Movie review: ‘Can’t Buy Me Love’

cbmlThe 1980s saw the teen comedy-drama explode from an already impressive history as a genre in Hollywood. Of course John Hughes and his “Brat Pack” led the way, but there were still a number of good efforts, including “Can’t Buy Me Love” starring Patrick Dempsey and Amanda Peterson. It’s not great cinema and has weak ending, but it’s worth watching because it doesn’t fail on all levels – a sin committed by many films of the genre. So, sit back, relax and enjoy.

‘Can’t Buy Me Love’
(1987; 94 minutes; rated PG-13; directed by Steve Rash and starring Patrick Dempsey, Amanda Peterson and Seth Green)

LOVE IS NOT FOR SALE, BUT POPULARITY CAN BE

(NOTE: I expanded this review with some more trivia and opinion and updated some links on Aug. 14, 2016.)

Light-hearted teen comedies can entertain and “Can’t Buy Me Love” is just such a film. It is fluff, but it is entertaining (a quality often overlooked in the value of a film). “Can’t Buy Me Love” offers good but not exceptional work by the actors – except for a very young Seth Green – and it does an OK job in conveying its message. You’d do a lot worse with an hour-and-a-half than watch this one.

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As for the plot, it’s been done before and will find its way back to the screen again, but this one is accomplished with a passing grade. Patrick Dempsey is “Ronald Miller,” a high school senior who is a geek, responsible, decent and humble … and he’s about as popular as the chicken pox. So, through a convoluted plot twist involving a stain on suede, he manages to “rent” a popular girl for a month as a way to show he’s become “cool.”

Dempsey heads a young leading cast (he was 20 during filming) along with Amanda Peterson, who plays popular rich girl “Cindy Mancini.” Peterson was just 15 at the time of filming (unlike many of these films where late 20s actors usually play high school couples).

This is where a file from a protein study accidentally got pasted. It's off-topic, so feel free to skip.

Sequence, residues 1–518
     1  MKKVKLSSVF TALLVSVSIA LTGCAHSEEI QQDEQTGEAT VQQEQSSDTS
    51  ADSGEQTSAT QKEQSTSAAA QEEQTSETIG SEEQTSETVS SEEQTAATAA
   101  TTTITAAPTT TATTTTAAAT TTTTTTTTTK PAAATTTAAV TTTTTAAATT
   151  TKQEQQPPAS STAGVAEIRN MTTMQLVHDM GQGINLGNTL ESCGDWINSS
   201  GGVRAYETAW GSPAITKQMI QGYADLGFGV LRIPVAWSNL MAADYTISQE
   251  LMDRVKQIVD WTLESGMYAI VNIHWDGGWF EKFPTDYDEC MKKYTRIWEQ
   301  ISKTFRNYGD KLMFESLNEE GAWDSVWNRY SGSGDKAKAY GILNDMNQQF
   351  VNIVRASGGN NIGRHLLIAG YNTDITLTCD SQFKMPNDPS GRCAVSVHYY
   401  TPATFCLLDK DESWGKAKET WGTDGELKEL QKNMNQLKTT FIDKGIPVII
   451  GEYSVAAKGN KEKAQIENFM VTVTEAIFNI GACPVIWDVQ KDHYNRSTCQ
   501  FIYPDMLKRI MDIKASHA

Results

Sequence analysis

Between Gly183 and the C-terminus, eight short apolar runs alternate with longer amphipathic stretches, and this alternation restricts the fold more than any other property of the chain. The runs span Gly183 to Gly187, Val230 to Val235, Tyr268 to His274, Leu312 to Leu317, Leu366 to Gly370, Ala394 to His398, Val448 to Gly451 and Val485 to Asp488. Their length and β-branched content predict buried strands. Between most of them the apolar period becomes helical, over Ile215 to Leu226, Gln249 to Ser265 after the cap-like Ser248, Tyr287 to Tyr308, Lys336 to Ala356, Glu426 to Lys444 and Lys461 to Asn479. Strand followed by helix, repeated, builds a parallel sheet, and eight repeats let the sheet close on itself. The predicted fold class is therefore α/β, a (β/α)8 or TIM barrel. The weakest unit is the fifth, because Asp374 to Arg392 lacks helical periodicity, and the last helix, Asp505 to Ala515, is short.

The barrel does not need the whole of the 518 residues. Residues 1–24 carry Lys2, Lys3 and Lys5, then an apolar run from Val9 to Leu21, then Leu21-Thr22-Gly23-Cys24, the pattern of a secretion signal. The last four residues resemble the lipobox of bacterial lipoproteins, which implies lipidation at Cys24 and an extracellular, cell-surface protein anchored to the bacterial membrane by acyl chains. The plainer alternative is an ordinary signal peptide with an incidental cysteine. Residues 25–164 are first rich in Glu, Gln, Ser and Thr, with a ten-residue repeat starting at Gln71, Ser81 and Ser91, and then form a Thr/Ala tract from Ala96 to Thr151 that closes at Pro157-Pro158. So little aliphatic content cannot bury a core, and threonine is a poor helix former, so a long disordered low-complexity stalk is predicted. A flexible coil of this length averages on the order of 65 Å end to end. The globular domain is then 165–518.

Back to the plot: Peterson stains her mother’s expensive suede outfit and Dempsey comes to her rescue. He’s looking for a way to change his standing in school for his senior year and believes that by hanging out without someone like Peterson the rest of the cool gang will accept him.

Dempsey is a hit with a somewhat reluctant Peterson and her friends. Dempsey, who would later play in “Loverboy,” “Scream 3” and TV’s “Grey’s Anatomy,” hits his stride and immediately discards old friends when he becomes the center of attention for the new “cool” ones.

At the same time Peterson, of course, has the best in him grow on her quickly. Peterson, who would step back from acting a dozen years later for personal reasons after only 20 acting credits (mostly on TV), uses her talent to show from the beginning that she’s not just a vapid cheerleader. She is convincing and works well with the modest script. Tragically, Peterson died last year at 43 of an accidental overdose of morphine, according to IMDb.com.

Since being cool isn’t all it’s cracked up to be, the film spins out along a familiar path: now-cool boy becomes jerkish, does a really horrific thing to a friend’s house and ultimately goes down in flames when his “cool” status is destroyed by Peterson at a party. She continues with life’s frustrations and who doesn’t like the person she has helped create.